Black Walden: Slavery and Its Aftermath in Concord, Massachusetts
Concord, Massachusetts, has long been heralded as the birthplace of American liberty and American letters. It was here that the first military engagement of the Revolutionary War was fought and here that Thoreau came to "live deliberately" on the shores of Walden Pond. Between the Revolution and the settlement of the little cabin with the bean rows, however, Walden Woods was home to several generations of freed slaves and their children. Living on the fringes of society, they attempted to pursue lives of freedom, promised by the rhetoric of the Revolution, and yet withheld by the practice of racism. Thoreau was all but alone in his attempt "to conjure up the former occupants of these woods." Other than the chapter he devoted to them in Walden, the history of slavery in Concord has been all but forgotten.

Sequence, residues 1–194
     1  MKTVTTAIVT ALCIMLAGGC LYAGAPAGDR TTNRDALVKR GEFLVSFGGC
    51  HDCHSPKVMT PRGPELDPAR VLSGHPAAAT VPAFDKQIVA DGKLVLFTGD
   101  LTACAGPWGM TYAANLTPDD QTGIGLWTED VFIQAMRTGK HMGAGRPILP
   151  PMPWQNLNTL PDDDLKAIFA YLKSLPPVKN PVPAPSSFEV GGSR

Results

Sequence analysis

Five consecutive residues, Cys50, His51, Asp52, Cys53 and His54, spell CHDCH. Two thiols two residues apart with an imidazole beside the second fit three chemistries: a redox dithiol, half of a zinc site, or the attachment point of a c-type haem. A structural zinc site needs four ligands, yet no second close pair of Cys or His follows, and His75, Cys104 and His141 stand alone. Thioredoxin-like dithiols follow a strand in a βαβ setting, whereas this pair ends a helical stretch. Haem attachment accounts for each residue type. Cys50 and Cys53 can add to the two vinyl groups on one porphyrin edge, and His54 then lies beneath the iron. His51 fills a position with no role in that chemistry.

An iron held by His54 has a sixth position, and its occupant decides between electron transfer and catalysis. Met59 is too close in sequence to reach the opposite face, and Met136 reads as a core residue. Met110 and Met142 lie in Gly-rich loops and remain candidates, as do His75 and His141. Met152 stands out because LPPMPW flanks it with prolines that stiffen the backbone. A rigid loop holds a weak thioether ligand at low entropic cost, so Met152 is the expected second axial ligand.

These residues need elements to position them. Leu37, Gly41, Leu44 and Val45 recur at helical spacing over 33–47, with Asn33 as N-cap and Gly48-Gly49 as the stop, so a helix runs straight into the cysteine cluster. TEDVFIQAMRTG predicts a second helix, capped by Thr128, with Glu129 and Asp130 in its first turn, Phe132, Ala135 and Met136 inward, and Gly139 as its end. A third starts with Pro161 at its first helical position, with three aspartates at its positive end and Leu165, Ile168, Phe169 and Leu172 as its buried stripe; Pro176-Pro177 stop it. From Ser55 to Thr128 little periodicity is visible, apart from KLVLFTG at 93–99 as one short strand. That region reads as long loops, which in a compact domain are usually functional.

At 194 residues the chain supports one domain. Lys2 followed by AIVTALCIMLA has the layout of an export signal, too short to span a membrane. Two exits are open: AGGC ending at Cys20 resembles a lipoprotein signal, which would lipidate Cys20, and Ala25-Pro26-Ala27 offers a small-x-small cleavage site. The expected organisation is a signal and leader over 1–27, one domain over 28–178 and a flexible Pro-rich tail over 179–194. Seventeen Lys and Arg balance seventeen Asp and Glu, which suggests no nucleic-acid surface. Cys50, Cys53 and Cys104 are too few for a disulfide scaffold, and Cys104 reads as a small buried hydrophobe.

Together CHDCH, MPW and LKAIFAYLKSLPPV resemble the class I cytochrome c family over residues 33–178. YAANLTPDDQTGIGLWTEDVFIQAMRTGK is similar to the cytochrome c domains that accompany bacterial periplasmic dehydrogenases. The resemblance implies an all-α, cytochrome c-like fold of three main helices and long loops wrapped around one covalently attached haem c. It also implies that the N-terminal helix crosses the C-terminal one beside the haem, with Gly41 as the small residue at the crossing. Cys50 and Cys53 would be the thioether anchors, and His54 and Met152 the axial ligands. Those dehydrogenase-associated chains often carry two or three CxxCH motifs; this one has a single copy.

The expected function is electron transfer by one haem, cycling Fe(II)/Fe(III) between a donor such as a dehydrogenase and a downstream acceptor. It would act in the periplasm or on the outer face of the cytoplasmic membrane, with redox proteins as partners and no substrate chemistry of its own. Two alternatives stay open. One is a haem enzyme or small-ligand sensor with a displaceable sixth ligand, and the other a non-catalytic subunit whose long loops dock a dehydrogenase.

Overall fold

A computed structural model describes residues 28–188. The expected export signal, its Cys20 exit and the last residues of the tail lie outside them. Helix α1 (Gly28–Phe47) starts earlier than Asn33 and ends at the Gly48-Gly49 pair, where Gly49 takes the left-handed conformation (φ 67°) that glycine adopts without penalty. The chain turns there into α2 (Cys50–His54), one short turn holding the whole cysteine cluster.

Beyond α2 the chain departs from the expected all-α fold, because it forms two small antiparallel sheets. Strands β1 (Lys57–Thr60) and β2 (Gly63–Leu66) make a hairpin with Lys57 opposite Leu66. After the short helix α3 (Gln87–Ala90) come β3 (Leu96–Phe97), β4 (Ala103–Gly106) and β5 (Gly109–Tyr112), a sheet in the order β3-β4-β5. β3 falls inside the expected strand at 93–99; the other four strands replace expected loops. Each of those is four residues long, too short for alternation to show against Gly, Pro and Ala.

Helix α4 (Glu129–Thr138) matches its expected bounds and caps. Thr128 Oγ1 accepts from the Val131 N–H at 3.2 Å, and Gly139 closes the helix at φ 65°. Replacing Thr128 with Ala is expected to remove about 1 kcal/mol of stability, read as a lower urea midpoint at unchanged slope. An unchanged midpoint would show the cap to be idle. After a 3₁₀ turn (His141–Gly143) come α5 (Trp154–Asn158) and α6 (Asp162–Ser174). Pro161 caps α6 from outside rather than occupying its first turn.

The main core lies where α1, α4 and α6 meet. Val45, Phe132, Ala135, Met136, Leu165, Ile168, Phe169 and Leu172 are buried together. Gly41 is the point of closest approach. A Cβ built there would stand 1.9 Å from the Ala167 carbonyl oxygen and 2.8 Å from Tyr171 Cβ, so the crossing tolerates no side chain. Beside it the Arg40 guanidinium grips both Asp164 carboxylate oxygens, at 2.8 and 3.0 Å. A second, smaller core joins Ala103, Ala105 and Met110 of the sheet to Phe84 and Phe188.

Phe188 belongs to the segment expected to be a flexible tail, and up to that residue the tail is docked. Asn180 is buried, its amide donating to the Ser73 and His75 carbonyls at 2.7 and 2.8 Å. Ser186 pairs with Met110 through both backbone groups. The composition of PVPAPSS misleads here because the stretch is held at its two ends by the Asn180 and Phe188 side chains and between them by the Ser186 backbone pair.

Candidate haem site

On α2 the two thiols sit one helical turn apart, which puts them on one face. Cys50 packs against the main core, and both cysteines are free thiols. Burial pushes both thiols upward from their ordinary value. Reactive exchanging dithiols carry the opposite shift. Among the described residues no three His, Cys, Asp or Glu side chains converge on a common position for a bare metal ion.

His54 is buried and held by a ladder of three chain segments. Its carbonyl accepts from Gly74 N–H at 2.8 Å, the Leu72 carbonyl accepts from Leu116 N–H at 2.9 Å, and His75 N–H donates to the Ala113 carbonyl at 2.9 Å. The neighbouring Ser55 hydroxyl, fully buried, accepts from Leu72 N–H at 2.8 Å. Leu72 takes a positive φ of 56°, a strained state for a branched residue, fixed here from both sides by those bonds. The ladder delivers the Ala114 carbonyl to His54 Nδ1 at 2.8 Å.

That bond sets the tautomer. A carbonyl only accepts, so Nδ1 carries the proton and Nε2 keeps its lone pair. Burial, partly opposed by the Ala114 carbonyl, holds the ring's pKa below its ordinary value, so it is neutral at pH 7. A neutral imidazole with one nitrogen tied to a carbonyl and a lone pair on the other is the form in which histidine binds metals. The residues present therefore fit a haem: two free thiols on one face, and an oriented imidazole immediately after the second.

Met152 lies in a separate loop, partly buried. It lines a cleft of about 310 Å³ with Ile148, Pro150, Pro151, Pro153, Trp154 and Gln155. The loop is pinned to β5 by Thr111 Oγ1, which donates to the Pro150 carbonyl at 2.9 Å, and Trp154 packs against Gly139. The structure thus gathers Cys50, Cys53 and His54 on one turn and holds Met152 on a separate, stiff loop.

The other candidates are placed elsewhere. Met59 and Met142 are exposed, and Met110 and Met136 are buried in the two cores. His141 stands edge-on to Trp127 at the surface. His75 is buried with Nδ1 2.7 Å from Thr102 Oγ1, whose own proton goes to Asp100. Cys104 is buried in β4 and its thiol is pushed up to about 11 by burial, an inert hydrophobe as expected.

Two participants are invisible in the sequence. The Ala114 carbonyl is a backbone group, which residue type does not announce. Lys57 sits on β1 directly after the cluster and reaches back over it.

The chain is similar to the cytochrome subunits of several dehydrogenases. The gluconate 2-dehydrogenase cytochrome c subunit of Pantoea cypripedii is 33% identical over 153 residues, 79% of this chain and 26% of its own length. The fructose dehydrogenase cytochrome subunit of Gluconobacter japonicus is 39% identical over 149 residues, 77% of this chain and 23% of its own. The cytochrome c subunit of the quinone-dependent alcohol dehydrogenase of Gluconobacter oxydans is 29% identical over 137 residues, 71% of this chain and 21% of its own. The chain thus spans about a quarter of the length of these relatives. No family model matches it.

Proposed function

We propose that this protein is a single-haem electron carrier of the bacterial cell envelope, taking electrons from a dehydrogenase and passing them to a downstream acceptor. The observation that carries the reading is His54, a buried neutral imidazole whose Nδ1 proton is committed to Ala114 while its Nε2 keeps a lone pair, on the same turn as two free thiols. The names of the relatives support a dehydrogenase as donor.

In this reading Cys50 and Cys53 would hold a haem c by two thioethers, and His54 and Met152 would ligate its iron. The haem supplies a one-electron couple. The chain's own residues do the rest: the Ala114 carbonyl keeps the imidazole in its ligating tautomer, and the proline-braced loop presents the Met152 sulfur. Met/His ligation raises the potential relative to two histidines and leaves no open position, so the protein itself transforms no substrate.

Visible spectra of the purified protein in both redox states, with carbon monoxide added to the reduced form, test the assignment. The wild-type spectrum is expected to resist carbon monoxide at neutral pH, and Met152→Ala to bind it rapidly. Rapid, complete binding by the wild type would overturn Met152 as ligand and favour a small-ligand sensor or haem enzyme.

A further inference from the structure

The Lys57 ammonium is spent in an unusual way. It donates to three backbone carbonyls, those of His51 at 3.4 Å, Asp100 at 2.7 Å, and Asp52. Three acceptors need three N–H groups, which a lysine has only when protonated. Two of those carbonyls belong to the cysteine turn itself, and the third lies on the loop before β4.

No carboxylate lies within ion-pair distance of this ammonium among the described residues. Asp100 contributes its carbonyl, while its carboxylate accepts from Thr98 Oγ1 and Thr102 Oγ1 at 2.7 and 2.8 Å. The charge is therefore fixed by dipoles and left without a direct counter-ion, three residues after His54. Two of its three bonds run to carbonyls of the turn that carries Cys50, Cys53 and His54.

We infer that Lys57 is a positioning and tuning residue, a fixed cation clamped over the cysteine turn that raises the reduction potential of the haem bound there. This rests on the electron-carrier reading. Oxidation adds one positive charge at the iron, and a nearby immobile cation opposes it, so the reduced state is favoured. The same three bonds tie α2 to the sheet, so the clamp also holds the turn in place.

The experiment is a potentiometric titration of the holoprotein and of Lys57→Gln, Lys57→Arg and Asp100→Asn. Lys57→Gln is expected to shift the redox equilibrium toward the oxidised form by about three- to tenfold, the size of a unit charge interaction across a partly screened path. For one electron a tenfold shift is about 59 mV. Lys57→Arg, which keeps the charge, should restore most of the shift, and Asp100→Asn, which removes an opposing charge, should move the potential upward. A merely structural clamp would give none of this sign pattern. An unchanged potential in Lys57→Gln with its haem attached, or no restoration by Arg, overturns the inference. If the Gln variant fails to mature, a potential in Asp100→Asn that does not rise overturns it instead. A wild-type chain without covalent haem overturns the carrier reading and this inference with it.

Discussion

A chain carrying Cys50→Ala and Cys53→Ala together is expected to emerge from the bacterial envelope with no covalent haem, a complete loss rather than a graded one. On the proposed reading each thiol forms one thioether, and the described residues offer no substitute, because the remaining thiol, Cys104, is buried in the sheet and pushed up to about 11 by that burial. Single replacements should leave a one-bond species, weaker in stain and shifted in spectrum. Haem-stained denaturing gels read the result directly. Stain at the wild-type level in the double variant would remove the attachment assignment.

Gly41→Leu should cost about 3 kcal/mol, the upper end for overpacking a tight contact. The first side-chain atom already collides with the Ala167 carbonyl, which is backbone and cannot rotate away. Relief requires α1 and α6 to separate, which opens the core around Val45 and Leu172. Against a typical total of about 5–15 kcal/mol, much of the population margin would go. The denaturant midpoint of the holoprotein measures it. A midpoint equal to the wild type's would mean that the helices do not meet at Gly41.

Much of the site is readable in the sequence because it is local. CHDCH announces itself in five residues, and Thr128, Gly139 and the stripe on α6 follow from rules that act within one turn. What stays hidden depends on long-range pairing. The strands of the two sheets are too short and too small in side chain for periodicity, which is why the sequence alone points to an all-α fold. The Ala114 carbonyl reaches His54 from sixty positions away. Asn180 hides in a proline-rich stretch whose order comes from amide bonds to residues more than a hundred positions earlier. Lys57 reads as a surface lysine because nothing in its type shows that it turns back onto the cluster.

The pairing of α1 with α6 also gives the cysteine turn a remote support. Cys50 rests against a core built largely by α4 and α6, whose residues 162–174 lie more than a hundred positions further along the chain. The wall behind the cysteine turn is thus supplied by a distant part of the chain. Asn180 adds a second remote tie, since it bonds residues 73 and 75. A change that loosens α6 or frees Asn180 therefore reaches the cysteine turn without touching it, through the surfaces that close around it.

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LibraryThing ReviewUser Review - JBD1 - LibraryThing
A carefully-researched history of slavery and its aftermath in Concord, Massachusetts. Lemire musters available sources to create a historically-grounded account of the (very small) slave community in ... Read full review
Black Walden: Slavery and Its Aftermath in Concord, MassachusettsUser Review - Not Available - Book Verdict
Walden Pond in Concord, MA, is most famous as the place where Henry David Thoreau went to "live deliberately" and subsist on the land. Thoreau chose Walden in part because its shores, Walden Woods ... Read full review